All right, you sons of bitches. You know how I feel. I’ll be proud to lead you wonderful guys in battle any time, anywhere. That’s all.

Is it even possible to read that and not hear it in George C. Scott’s voice in your head?

17 Responses to “With All This News Coming Out About Our Government”

  1. tree hugging sister says:

    We just WATCHED it again, Saturday night night.

    And I do know how I feel, every single time I see it ~ from that first time in the theatre in Long Beach, NJ to my living room in Pensacola…especially NOW.

  2. JeffS says:

    Oddly enough, I was thinking about the same speech over the weekend.

    Or not so oddly, come to think of it.

  3. Skyler says:

    Three years ago I was at a restaurant in Tool, Texas with my wife. The next table was occupied by an old man and his wife. My wife noticed he was wearing an army themed ball cap and a navy style belt buckle, so she asked him if he was in the military.

    The man’s wife glowered at us, and it took a bit for me to figure out why. The poor man still has terrible nightmares and PTSD from his time in the army in Italy in WWII.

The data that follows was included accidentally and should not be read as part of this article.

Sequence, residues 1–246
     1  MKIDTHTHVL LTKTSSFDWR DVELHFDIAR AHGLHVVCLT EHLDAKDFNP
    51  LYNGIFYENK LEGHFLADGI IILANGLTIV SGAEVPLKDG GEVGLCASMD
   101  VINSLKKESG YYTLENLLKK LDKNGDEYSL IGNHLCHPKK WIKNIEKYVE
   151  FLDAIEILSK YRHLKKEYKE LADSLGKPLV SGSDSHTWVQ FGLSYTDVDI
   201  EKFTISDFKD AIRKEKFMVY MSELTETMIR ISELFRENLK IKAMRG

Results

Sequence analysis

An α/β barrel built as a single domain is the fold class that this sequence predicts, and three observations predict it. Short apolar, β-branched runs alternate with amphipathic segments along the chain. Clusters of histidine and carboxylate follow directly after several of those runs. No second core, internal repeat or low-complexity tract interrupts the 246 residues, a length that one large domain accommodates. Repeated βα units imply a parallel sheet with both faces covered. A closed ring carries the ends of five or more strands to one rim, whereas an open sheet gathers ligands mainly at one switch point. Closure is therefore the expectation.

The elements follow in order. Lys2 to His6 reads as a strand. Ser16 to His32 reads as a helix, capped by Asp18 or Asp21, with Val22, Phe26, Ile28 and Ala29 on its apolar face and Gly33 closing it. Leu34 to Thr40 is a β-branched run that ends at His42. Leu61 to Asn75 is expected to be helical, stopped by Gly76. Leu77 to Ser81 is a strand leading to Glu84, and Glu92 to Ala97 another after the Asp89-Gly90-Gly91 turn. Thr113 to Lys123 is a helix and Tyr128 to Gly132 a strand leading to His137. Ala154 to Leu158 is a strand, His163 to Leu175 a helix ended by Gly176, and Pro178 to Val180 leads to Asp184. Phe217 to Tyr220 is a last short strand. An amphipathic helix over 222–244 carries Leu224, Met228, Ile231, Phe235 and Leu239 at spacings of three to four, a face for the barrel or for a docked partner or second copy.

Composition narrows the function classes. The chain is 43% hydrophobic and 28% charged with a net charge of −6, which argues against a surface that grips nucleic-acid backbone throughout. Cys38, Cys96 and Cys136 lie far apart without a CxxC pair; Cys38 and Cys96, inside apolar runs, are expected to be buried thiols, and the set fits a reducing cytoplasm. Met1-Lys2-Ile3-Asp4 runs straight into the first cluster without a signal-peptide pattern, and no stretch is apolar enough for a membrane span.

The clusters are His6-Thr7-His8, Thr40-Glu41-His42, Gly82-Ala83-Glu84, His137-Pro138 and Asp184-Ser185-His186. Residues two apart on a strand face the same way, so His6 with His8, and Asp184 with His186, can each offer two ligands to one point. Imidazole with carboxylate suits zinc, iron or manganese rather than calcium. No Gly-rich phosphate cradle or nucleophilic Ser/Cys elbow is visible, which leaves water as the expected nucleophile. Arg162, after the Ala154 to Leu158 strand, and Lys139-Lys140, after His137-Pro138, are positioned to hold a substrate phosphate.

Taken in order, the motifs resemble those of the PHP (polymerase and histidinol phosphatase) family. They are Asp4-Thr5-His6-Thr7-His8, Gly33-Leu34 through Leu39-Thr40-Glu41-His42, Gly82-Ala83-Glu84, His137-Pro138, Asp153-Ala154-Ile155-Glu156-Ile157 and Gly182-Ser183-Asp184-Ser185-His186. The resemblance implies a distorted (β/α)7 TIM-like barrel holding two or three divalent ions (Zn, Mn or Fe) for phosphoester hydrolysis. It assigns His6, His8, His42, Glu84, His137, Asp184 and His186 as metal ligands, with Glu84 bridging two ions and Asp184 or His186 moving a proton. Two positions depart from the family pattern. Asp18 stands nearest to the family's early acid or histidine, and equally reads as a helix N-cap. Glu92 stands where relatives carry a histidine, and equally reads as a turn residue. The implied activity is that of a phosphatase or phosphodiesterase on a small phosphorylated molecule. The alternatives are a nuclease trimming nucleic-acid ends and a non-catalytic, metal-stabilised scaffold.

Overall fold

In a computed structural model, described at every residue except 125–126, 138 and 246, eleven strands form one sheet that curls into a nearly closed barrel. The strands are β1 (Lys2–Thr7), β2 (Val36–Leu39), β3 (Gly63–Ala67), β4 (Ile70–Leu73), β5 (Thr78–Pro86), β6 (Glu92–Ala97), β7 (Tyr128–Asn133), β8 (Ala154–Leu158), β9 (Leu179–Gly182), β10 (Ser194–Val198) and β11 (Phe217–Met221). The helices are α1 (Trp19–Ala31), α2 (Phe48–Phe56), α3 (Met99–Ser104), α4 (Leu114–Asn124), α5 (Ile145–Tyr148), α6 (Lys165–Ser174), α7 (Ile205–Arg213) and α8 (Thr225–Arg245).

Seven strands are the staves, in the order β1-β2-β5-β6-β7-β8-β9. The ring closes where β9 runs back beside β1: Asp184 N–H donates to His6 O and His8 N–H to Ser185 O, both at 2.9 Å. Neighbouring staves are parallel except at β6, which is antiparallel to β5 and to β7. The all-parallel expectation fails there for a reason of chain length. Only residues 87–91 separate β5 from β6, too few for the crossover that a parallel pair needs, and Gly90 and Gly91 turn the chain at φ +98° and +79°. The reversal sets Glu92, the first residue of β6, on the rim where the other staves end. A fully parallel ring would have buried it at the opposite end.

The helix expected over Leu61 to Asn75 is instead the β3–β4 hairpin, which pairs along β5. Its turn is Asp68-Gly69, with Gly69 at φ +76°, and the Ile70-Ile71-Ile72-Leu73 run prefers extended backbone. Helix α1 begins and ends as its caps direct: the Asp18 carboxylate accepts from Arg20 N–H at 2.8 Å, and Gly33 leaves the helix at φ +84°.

He started telling us that he was in a recon outfit, and they were in general support of a particular battalion, but not under that battalion’s command. They stopped for the night at a cross roads and dug in. The battalion they were supporting didn’t dig in, so they went and suggested that they were about to get shelled and need to dig in.

    The answer was that their battalion commander did not allow them to dig in.

    The gentlemen got a far away glaze in his eyes as he described the carnage of so many in that battalion getting killed, essentially wiping it out, when the artillery attack began.

    I was amazed that any battalion commander could be that stupid, though after a few I’ve seen I should know better. I wondered what on Earth would cause such an order to not dig in.

    Now I see that Patton himself gave the order. He was a great leader, no doubt, but that was a dumb thing to say, from a man who got in a lot of trouble for saying a lot of dumb things.